Northern California—The Redwoods
When you find yourself in a place like the Redwoods National Park, words become superfluous.
Trying to describe or photograph the redwoods is a little like trying to describe or photograph the Grand Canyon. It just cannot be done. We have been lucky to spend six days here–camping in them, hiking in them and driving in them. It’s been a real special time for us.
Since words can’t begin to do justice to what we have been experiencing, all we can do is let the trees (and the following photos) speak for themselves.
Now, just the facts . . .
At one time (back when the dinosaurs roamed) redwoods were found throughout America, pretty much from coast to coast. In fact they were common throughout North America, Europe and Asia. Now we are down to just three species. The Dawn Redwood found in China (just recently), the Giant Sequoia (Sequoiadendron giganteum) found on the western slopes of the Sierra NevadaMountains in Central California and the Coast Redwood (Sequoia sempervirens) found in a narrow band along the Northern California coast and into southernmost coastal Oregon.
The Giant Sequoia is bigger at the base, has more individual mass and lives up to 3,500 years. The Coast Redwood is taller, lives to around 3,000 years but more of them grow per acre than the sequoias. In fact the Coast Redwood groves have more biomass per acre than any place on earth. Standing within one of their groves, that fact is easy to understand.
When man arrived on the scene there were an estimated 2 million acres of redwoods, about the size of YellowstoneNational Park. 95% of that is now gone. Most of the remaining stands are in public hands. The state of California and the Save-the-Redwoods League came to the rescue starting in the early 1900s by acquiring hundreds of groves and protecting them in 26 state parks. In 1968 three of the state parks were encompassed by the national park when it was created. In 1978 Congress added 48,000 acres to the National Park’s 58,000 acres, including about 36,000 acres that had been logged. Crews are slowly restoring the land and replanting the redwood. Something like 400 miles of logging roads are being removed. It is now known as Redwood National and State Parks.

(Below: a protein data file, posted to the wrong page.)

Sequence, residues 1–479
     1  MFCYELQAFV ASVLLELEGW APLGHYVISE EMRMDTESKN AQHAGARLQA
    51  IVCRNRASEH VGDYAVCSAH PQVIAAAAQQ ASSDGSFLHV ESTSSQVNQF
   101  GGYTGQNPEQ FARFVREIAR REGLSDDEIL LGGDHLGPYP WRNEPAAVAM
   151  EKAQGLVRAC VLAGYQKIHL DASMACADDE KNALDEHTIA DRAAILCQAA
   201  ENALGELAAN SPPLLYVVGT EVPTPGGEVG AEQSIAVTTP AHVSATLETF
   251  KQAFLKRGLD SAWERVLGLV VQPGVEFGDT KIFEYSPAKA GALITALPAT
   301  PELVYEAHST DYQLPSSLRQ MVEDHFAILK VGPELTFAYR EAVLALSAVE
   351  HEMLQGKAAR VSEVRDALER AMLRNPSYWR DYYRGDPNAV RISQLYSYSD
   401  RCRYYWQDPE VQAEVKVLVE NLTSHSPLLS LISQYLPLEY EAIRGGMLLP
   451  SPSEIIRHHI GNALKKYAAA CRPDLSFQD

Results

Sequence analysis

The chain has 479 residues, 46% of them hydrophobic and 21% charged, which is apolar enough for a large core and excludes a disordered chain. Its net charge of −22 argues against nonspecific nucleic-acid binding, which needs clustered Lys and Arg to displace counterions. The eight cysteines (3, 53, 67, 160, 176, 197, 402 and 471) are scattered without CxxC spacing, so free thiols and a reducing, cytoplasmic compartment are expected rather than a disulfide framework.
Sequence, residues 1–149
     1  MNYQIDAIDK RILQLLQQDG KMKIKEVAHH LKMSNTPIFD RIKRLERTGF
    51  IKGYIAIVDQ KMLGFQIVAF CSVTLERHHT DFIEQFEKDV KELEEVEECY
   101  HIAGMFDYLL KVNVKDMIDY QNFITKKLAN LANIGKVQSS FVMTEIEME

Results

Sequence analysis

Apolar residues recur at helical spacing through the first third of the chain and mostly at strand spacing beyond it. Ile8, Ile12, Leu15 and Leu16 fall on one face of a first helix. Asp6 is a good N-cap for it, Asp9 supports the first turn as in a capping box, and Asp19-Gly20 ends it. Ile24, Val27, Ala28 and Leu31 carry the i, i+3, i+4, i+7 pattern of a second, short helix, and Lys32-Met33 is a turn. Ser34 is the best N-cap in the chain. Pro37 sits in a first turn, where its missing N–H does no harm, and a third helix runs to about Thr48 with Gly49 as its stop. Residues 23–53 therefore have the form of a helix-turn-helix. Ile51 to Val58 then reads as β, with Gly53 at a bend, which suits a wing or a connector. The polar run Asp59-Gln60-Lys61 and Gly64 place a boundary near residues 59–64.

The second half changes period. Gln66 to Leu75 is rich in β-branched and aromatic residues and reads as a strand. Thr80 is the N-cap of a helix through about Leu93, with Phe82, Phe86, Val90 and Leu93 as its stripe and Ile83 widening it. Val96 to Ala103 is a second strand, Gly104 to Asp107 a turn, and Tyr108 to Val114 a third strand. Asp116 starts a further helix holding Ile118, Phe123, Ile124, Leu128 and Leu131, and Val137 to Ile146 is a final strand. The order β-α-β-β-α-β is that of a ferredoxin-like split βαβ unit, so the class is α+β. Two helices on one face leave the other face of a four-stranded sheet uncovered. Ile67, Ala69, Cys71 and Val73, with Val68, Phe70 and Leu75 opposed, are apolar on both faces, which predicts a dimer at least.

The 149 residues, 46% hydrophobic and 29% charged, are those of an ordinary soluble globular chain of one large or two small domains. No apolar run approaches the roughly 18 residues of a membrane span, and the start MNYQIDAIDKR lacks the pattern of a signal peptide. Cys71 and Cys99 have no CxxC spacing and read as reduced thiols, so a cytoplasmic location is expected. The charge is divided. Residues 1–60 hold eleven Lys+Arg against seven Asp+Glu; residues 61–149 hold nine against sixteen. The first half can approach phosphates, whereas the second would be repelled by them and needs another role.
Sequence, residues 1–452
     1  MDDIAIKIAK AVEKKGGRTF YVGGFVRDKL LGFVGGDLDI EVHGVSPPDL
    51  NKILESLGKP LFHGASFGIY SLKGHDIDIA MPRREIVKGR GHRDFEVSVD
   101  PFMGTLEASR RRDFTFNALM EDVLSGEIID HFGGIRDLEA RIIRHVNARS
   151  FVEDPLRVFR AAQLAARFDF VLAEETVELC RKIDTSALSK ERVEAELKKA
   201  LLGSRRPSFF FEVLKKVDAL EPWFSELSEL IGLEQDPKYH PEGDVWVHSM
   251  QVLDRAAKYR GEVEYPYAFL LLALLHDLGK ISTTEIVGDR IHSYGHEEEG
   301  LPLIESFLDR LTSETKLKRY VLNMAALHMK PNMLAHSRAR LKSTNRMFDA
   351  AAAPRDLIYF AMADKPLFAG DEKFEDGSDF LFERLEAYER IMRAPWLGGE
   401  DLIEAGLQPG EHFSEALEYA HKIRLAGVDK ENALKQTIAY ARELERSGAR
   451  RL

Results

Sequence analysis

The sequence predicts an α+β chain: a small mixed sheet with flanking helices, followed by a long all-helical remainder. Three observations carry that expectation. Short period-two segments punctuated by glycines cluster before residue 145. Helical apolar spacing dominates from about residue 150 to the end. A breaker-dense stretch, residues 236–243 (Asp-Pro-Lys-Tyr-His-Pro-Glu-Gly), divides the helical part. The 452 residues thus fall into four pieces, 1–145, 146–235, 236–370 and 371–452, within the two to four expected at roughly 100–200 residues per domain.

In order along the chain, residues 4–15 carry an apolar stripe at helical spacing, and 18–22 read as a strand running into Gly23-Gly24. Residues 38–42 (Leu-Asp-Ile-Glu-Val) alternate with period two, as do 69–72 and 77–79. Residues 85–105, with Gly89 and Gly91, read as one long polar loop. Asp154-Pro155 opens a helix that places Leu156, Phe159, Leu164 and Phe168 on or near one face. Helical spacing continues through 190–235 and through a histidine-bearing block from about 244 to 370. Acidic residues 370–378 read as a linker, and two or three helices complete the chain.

We’ve also seen our fair share of the Roosevelt Elk. At one time they were common across the United States. They were exterminated in the east. In California there were as few as 15 elk when they made a last stand in PrairieCreekRedwoodsState Park. We camped there for three nights and saw quite a few.
We also camped in Jedediah Smith Campground which was constructed in a grove of redwoods. We were parked among these giants and walked all of the trails around both of the campgrounds. We frequently ran into the Banana Slug. Its color is self explanatory. They have bears here (as well as mountain lions) and are quite strict about coolers, grills and food preparation. Every site has a bear box to store your food in. However, we weren’t luck enough to see one.
Now we move back up into Oregon to spend a few days with a college friend.
Among the Redwoods,
Chris and Melinda